If someone asked you, “What is justice?” how would you answer? If he asked, “What are the four Biblical criteria of justice?” would you know them? And if he asked, “How are justice and rights related?” what would you say?
Justice is among the most important concepts in all of human relations. As the great eighteenth-century moral philosopher Adam Smith pointed out, justice is
… the main pillar that upholds the whole edifice [of society]. If it is removed, the great, the immense fabric of human society . . . must in a moment crumble into atoms. In order to enforce the observation of justice, therefore, nature has implanted in the human breast that consciousness of ill desert, those terrors of merited punishment, which attend upon its violation, as the great safeguards of the association of mankind, to protect the weak, to curb the violent, and to chastise the guilty. (Theory of Moral Sentiments, II.ii.iii.4).
Justice requires that we do no one harm. This is not so noble a sentiment as that we should do good to all—the requirement of love—but without it, all striving after love would be folly. A society can exist, though it can’t thrive, without love; it devolves into barbarism and mutual destruction without justice.
One of the most important questions facing Americans today is whether rights are only negative (against undeserved harms) or also positive (to unearned benefits). Does my negative right not to be murdered, for example, mean I have a positive right to life? Does my negative right not to have my property stolen mean I have a positive right to food?
It’s easy to let common usage confuse us. Of course I have a right to life! We even have a whole political movement called the “right to life” movement—and I would be the last person on Earth to oppose its goal of making abortion illegal except to save the life of the mother (and even then every effort should be made to save the life of the child as well).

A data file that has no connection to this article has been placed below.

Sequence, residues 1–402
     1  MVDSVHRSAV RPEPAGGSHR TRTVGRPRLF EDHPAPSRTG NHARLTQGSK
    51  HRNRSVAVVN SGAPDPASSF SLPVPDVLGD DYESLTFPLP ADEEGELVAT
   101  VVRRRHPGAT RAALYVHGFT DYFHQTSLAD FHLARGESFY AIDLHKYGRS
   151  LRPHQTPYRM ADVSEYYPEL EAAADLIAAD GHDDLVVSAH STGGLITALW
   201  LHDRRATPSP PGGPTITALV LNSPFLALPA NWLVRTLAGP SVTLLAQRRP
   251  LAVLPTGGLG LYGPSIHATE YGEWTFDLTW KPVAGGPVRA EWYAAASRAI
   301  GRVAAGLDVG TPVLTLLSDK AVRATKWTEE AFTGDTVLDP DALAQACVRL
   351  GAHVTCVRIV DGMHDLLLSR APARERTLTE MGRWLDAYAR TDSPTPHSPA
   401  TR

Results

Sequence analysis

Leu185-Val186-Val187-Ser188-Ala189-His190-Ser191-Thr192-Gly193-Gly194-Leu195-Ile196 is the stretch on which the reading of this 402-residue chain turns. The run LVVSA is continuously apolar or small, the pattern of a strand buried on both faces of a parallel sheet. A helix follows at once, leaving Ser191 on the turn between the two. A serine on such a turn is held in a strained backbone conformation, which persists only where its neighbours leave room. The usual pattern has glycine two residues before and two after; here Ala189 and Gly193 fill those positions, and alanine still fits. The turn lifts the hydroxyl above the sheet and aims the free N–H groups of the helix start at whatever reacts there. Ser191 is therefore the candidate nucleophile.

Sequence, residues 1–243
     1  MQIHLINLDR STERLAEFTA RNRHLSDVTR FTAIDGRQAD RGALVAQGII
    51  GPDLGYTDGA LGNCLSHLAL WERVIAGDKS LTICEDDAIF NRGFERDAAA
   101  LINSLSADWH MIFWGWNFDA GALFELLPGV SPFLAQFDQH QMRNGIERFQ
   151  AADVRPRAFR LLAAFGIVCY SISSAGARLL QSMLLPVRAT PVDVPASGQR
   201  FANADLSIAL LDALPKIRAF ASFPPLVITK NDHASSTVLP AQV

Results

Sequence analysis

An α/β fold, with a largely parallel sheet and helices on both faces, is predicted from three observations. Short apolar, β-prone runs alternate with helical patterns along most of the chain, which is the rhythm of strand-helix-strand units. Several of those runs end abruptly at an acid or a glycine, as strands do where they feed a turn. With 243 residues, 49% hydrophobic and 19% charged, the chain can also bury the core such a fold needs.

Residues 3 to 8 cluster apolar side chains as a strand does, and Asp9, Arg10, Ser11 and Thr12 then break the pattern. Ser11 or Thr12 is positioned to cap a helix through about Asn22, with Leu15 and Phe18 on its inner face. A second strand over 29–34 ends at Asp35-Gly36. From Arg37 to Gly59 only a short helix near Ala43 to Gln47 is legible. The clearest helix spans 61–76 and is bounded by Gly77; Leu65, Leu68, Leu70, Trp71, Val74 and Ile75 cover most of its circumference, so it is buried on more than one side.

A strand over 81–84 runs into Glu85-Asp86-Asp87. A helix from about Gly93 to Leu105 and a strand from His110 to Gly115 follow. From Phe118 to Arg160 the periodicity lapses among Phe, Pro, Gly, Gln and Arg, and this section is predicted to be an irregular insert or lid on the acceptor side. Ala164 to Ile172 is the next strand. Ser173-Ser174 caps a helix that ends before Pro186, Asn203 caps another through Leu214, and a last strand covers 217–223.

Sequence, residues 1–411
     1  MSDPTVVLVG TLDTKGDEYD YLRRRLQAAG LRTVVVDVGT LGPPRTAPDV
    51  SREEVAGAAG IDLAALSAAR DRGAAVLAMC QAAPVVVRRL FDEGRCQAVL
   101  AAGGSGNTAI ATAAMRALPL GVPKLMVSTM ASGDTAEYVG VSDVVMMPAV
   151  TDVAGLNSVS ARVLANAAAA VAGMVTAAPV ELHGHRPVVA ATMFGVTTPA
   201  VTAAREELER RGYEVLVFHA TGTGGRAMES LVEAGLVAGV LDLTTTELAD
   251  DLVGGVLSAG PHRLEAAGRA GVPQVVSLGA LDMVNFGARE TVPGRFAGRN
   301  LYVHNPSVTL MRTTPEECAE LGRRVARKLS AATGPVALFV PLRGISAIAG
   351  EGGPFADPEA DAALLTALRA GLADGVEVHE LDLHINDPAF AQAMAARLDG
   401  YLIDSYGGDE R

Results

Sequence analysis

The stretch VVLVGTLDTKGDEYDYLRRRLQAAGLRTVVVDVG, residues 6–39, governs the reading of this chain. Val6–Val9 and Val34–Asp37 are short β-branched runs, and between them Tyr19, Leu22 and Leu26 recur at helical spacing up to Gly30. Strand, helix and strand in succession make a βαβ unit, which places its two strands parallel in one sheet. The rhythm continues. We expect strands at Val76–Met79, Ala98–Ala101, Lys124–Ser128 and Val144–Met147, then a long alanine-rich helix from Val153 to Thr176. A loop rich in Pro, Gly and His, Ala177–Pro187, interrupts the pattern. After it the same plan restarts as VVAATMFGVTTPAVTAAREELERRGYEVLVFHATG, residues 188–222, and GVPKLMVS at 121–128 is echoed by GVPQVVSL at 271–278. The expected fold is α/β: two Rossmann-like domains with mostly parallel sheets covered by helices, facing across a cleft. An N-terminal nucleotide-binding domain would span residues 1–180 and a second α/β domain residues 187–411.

But does a murderer still have a right to life, or has he forfeited it? Since God’s law says a murderer is to be executed (Genesis 9:6; Exodus 21:12, 14; Romans 13:4), it follows that one’s right to life is limited. It can be forfeited. Or does a person who refuses to work have a right to food? If the food is his property, undoubtedly he does, since the Eighth Commandment says, “You shall not steal.” But what if he owns no food? Does he still have a right to food? What does Scripture say? “If anyone is not willing to work, let him not eat” (2 Thessalonians 3:10).
Confusion over the meaning of rights (and corresponding duties) is rampant in America today, thanks in large part to the Progressive movement. In Social Justice vs. Biblical Justice: How Good Intentions Undermine Justice and Gospel, I carefully build a definition of justice that is Biblical, refute arguments that the Bible requires wealth redistribution or some approximation of economic equality, explain the important difference between negative rights and positive rights, and argue that in fact there are no real “positive rights.” At every step, I challenge the Progressive movement so prevalent in America today.
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